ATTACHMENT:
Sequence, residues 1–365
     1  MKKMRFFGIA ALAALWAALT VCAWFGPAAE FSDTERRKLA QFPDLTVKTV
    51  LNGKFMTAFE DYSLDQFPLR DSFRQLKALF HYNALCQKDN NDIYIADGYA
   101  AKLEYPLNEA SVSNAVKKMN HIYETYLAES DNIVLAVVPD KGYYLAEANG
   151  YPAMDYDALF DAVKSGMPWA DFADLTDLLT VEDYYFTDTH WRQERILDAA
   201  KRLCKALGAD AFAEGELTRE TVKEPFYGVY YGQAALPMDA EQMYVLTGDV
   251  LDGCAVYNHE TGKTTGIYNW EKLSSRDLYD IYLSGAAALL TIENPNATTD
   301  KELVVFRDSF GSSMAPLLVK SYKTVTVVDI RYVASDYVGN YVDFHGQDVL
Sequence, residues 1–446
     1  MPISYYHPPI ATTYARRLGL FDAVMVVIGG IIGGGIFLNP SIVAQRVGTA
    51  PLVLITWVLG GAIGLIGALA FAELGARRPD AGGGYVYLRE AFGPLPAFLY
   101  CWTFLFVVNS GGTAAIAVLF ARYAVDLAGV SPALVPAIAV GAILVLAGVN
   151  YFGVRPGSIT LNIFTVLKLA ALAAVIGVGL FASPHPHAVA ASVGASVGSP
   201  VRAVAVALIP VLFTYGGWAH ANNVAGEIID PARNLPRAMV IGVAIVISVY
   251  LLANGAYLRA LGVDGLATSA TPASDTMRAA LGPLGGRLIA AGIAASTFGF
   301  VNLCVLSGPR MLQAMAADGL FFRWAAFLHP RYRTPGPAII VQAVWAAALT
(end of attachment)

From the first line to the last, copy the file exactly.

Sequence, residues 1–365
     1  MKKMRFFGIA ALAALWAALT VCAWFGPAAE FSDTERRKLA QFPDLTVKTV
    51  LNGKFMTAFE DYSLDQFPLR DSFRQLKALF HYNALCQKDN NDIYIADGYA
   101  AKLEYPLNEA SVSNAVKKMN HIYETYLAES DNIVLAVVPD KGYYLAEANG
   151  YPAMDYDALF DAVKSGMPWA DFADLTDLLT VEDYYFTDTH WRQERILDAA
   201  KRLCKALGAD AFAEGELTRE TVKEPFYGVY YGQAALPMDA EQMYVLTGDV
   251  LDGCAVYNHE TGKTTGIYNW EKLSSRDLYD IYLSGAAALL TIENPNATTD
   301  KELVVFRDSF GSSMAPLLVK SYKTVTVVDI RYVASDYVGN YVDFHGQDVL
Sequence, residues 1–446
     1  MPISYYHPPI ATTYARRLGL FDAVMVVIGG IIGGGIFLNP SIVAQRVGTA
    51  PLVLITWVLG GAIGLIGALA FAELGARRPD AGGGYVYLRE AFGPLPAFLY
   101  CWTFLFVVNS GGTAAIAVLF ARYAVDLAGV SPALVPAIAV GAILVLAGVN
   151  YFGVRPGSIT LNIFTVLKLA ALAAVIGVGL FASPHPHAVA ASVGASVGSP
   201  VRAVAVALIP VLFTYGGWAH ANNVAGEIID PARNLPRAMV IGVAIVISVY
   251  LLANGAYLRA LGVDGLATSA TPASDTMRAA LGPLGGRLIA AGIAASTFGF
   301  VNLCVLSGPR MLQAMAADGL FFRWAAFLHP RYRTPGPAII VQAVWAAALT